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By Dylan Hendrix
It’s not a secret that retro travel campers are growing in popularity. From vintage vans, converted schoolies, and restored RVs, these adventure-worthy projects start by being stripped down to the frame and overhauled from the wheels up. 4
The stages of a camper renovation can take shape as a series of do-it-yourself (DIY) projects, with assistance from skilled professionals when needed.
A home on wheels is similar to a traditional house in the sense that any renovation requires hours worth of time, energy and money.
People can become so overwhelmed by the excitement of a project that safety precautions are sometimes thrown out the window. During the process of converting any vehicle to functional perfection, there are a number of toxic hazards that could get in your way.
Some toxins may be more obvious than others. Simple education and mindful preventative actions can better equip any enthusiast considering renovations.
Formaldehyde exposure risks
Many composite wood products used in the production of RVs will contain formaldehyde, often used as a glue or adhesive in a variety of marine or outdoor vehicles. The chemical can also be found in types of insulation, carpeting, furniture, wall finishings and cleaners.
Formaldehyde can be classified as a volatile organic compound (VOC), meaning the fumes from these materials can be released into the air and inhaled by humans. Exposure to high or consistent levels of formaldehyde is known to cause cancer, upper respiratory problems, nosebleeds and even asthma.
Exposure to elevated levels can have immediate symptoms such as sore throat, headaches, cough, scratchy eyes and nosebleeds. Exposure sensitivity of any VOC will vary by individual, some people will notice no problems while others can quickly become sick.
Formaldehyde is a modern threat and more present in new recreation vehicles, rather than vintage or classic trailers, campers and vans. Over the past decade there has been an upsurge in these types of toxic RV concerns.
Many argue that this is because manufacturers are returning to practices of using cheaper materials containing toxic materials like formaldehyde. A renovation project gives owners the opportunity to choose the materials inside their vehicles, and take health into their own hands.
Asbestos exposure risks
Asbestos is a fibrous material which occurs naturally and was adopted as an extraordinary additive in building materials. Due to its strength and resistance against heat and water, asbestos was an obvious addition across many products and industries.
For decades, asbestos was known as a miracle mineral and an efficient insulator for homes and high friction or heat-exposed components. Until 1980, when asbestos was linked directly to mesothelioma cancer, this carcinogen was used on a large scale across the globe.
Unfortunately, many older travel trailers will contain asbestos insulation. It is hard to pinpoint which parts or models contain asbestos materials since historically manufactured vehicles had more relaxed regulations.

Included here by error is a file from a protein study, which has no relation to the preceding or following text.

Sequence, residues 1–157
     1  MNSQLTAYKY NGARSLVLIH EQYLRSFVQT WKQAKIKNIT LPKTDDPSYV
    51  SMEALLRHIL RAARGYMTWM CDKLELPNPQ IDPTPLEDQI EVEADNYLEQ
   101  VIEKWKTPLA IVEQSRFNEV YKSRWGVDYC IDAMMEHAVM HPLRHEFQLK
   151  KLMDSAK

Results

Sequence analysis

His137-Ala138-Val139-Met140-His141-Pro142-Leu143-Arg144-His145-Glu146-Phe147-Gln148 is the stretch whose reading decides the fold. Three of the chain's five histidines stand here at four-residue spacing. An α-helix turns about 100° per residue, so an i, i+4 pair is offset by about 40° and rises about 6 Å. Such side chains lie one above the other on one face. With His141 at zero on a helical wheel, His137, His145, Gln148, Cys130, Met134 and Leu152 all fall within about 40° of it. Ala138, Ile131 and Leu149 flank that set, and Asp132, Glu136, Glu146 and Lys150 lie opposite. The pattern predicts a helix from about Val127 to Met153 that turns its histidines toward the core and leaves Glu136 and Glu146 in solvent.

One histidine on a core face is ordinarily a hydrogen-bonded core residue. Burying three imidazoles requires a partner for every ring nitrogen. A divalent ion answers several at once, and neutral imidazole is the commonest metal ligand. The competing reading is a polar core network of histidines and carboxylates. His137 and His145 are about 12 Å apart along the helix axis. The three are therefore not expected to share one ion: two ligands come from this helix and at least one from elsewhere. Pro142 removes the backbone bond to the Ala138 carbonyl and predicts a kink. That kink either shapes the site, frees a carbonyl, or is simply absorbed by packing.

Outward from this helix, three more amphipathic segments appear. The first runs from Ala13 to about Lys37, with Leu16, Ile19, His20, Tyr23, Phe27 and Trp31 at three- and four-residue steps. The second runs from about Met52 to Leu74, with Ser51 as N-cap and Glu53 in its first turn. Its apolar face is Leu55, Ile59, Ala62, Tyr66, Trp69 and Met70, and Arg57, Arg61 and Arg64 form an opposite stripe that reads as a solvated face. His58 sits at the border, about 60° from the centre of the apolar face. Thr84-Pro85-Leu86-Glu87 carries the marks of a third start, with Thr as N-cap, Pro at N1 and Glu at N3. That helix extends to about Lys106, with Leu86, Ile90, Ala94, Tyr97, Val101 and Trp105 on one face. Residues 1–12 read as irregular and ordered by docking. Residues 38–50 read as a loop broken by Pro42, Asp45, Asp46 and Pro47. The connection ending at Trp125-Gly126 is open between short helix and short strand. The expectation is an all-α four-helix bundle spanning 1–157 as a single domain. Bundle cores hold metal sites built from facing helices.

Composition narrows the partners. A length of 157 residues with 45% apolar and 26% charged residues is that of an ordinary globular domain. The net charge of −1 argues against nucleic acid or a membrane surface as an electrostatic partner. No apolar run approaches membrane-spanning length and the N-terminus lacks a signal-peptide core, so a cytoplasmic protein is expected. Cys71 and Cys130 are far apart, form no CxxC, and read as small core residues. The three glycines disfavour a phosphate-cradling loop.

It is important to note that asbestos fibers are not dangerous when undisturbed and completely intact, it only becomes dangerous when damaged and mistakenly inhaled.
It is not surprising that RV owners want to remove asbestos from their trailers, but it must be removed tactfully and carefully.
In the age of DIY projects, and with a market saturated in dated vehicles begging to be restored, asbestos-exposure becomes a serious health concern that can easily be overlooked on a busy schedule.
Most flooring materials, wall panels, electrical casing, heat gaskets, and even brake pads that are dated pre-1980 will contain asbestos fibers to some level.
Many of these materials can be removed safely, depending on the condition of the materials. If you are concerned or unsure, a professional should be contacted and proper abatement techniques should be followed.
Fume and gas exposure risks
There are a variety of colorless and odorless gasses that might cross your path during an RV renovation or adventure on the open road. From common sources, like gasoline and oil fumes, to more serious threats like carbon monoxide or hydrogen sulfide, toxins exist everywhere.
It remains an important responsibility of any RV hobbyist to understand the toxic sources that may jeopardize the air quality within a space and the ways to actively mitigate or avoid them.
The simplest way to catch a silent killer is by installing monitoring systems for common toxins. Carbon monoxide is responsible for the high majority of RV related deaths. Air quality monitoring is a wise choice in any confined or multifunctional space.
Regular maintenance for different components of your vehicle will help eliminate any accidental leaks or unknown sources. Proper ventilation within the living spaces of a recreational vehicle is important for basic air circulation, while also allowing any unknown toxins an avenue to escape.
Whether you find yourself renovating your RV, unsure of your vehicle’s safety or the victim of toxic exposure while on the road and far from your primary care, be sure to visit the Association of Poison Control Centers to find immediate assistance closest to you.